The best phone Sony has produced in years. It’s big, but you get a lot of phone for your money
Sony Xperia XA2 Ultra review – The Sony Xperia XA2 has one key attraction: its price. It costs the same as the excellent Honor 9 at launch and is less than the OnePlus 5T. What you get for your money is impressive, starting with the phone’s most obvious feature: an enormous 6in screen. When Sony says Ultra, it means Ultra.
There’s no trendy 18:9 aspect-ratio display. Sony sticks with 16:9 and, while the bezels to the left and right are suitably thin, its forehead and chin bezels are chunky by modern standards. The resolution is a conservative 1,080 x 1,920, too.
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Still, if you watch Netflix, iPlayer or Amazon Video on your commute, you’ll find 1o8op on a 6in screen isn’t a bad thing at all. Graphics look crisp and sharp-edged with no visible pixelation, while 1o8op displays usually require less power to run than screens with more pixels.
Sony Xperia XA2 Ultra review: Beastly design
The downside is that the Sony Xperia XA2 Ultra is a beast of a phone. In fact, this is the largest handset I’ve tried to slide into my pocket recently. It’s 163mm tall, 9.5mm thick and weighs a positively obese 221g. The £270 Honor 7X has an 18:9 aspect ratio screen, the same 6in diagonal and is much slimmer and lighter.
Still, you can just about hold the thing in one hand, and the phone looks good and feels well put together. There’s Gorilla Glass 4 on the front so it doesn’t pick up fingerprints too readily while the rear is matte-finish plastic, so that’s greasy-digit-proof as well. It’s available in silver, gold, blue and black, and looks nice in all but the gold, which has an odd sheen of green when it catches the light.
The Sony Xperia XA2 Ultra is also stuffed with features. A fingerprint reader sits in the centre of the rear panel, just below the camera, while NFC means you can use it for contactless credit-card payments. The microSD slot will take cards of up to 256GB and you get a 3.5mm headphone jack, USB-C for data transfer and charging, and even a dedicated, two-stage shutter button for the camera on the right edge.
What the Xperia XA2 doesn’t offer is dust or water resistance. I also wish Sony would round off the corners; unless you line your pockets with Kevlar, it won’t take long before the XA2 wears a hole in your trousers.
Sony Xperia XA2 Ultra review: Vivid display
Sony was effusive about the Ultra’s display when it first announced the phone, saying it was its most vibrant screen yet. And, despite my initial scepticism, I’m impressed.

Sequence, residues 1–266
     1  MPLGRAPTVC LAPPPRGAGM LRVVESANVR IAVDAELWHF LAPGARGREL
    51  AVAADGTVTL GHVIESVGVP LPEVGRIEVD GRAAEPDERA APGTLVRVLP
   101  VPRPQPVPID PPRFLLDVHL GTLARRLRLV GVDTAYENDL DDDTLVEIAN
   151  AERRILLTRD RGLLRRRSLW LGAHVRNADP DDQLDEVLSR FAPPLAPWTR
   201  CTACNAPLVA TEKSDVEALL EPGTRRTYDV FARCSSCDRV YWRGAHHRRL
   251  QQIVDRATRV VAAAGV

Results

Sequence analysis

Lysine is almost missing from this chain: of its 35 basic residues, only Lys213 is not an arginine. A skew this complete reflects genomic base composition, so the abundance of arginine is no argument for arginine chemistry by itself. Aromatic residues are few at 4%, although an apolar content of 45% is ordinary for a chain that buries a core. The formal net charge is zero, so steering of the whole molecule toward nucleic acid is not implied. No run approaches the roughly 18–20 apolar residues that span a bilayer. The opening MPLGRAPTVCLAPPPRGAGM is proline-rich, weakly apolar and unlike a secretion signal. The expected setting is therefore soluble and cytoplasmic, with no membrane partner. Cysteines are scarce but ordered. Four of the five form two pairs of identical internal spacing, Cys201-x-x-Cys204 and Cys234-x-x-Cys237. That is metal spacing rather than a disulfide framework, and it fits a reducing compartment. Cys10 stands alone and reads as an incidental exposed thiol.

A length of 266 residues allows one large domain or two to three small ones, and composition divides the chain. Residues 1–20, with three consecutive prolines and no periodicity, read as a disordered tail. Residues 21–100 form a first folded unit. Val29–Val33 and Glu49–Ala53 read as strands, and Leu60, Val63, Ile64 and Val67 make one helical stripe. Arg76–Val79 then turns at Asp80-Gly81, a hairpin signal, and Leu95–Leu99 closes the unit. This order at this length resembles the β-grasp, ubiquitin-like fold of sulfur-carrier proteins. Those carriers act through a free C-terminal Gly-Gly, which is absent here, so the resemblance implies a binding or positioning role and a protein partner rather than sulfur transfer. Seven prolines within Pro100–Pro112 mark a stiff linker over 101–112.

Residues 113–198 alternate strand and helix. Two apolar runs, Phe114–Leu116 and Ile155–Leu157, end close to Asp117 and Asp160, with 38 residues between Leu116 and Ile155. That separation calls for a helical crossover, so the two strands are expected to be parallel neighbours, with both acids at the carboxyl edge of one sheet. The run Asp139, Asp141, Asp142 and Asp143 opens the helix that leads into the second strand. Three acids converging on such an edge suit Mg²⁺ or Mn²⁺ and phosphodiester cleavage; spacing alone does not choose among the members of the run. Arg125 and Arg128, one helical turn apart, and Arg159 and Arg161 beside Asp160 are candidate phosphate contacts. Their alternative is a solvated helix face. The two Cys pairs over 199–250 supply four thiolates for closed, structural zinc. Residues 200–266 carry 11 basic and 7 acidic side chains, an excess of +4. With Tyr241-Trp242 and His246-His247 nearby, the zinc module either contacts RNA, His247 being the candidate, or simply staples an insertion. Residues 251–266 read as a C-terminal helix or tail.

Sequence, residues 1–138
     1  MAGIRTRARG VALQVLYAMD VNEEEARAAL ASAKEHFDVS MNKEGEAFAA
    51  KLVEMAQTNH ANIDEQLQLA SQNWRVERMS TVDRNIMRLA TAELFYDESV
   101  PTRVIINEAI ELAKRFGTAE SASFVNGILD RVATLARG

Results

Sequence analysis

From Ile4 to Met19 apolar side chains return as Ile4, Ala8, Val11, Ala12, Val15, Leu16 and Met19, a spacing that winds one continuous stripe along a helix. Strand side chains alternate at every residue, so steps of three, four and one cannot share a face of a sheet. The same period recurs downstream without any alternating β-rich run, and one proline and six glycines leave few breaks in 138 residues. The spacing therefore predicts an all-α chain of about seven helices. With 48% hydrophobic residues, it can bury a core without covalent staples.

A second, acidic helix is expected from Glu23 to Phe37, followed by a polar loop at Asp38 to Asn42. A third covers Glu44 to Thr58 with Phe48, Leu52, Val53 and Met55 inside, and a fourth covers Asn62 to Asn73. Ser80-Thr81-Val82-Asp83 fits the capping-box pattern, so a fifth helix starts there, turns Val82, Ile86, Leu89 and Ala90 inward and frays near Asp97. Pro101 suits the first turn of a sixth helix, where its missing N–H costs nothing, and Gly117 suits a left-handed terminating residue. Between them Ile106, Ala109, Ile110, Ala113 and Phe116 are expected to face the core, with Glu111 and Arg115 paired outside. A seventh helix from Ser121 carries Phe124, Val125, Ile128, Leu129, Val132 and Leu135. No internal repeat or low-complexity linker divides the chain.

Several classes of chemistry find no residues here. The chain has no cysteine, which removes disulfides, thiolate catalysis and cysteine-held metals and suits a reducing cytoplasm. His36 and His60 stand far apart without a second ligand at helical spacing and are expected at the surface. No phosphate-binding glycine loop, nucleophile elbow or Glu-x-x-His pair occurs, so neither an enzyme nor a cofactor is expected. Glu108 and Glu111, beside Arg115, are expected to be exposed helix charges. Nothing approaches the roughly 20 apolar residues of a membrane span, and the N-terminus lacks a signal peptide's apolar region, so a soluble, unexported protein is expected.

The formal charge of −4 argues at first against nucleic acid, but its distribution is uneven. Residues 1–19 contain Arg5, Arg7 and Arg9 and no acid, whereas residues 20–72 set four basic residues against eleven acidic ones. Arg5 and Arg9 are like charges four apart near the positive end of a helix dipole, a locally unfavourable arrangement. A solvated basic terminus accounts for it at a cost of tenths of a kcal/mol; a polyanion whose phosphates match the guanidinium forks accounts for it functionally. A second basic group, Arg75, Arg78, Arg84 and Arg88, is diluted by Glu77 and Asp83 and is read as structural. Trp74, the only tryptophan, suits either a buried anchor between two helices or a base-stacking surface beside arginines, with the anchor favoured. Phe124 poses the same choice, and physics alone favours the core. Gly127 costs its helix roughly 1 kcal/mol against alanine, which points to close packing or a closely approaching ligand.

You can choose from three colour profiles: Ultra Vivid, Standard and (enhancements) Off. First, I flipped to Ultra Vivid and fired up the opening sequence to Altered Carbon on Netflix. I was immediately struck by how deep and rich its dark background looked, and how vibrant and HDR-like other colours were. Yet the screen somehow manages to look balanced, with no overly ruddy skin tones, for example.
It’s the same story elsewhere in the user interface – which is Android Oreo, overlaid with Sony’s usual launcher software.
Although graphics and
ABOVE At first glance, it’s not at all obvious what sacrifices Sony makes to keep this phone under £400
I was immediately struck by how deep and rich dark backgrounds looked, and how vibrant and HDR-like other colours were
BELOW The XA2 Ultra is available in a range of colours, but we’re not fans of the gold
wallpapers stand out in almost neon colours, there’s no sense that colours are unnatural when you browse your photo library.
In testing, the XA2 performed well, but with some weaknesses. The Ultra Vivid mode returned a coverage rate of 92.3% of the DCI-P3 colour gamut. With “enhancements off’, you get 87.2% of sRGB, which explains why the screen looks a touch dull in this mode. The enhancements “Off’ mode turned out to be the least colour- accurate of the three modes on offer, and Ultra Vivid also garnered the best colour-accuracy score (average Delta E) – still, at 3.7 this is nothing to be proud of.
There are still plenty of positives, though, not least the display’s high peak brightness of 616cd/m2 and its fantastic contrast ratio of 1,607:1. Both of these results go some way towards explaining why, in Super Vivid mode at least, the XA2 Ultra’s display looks so good to the eye.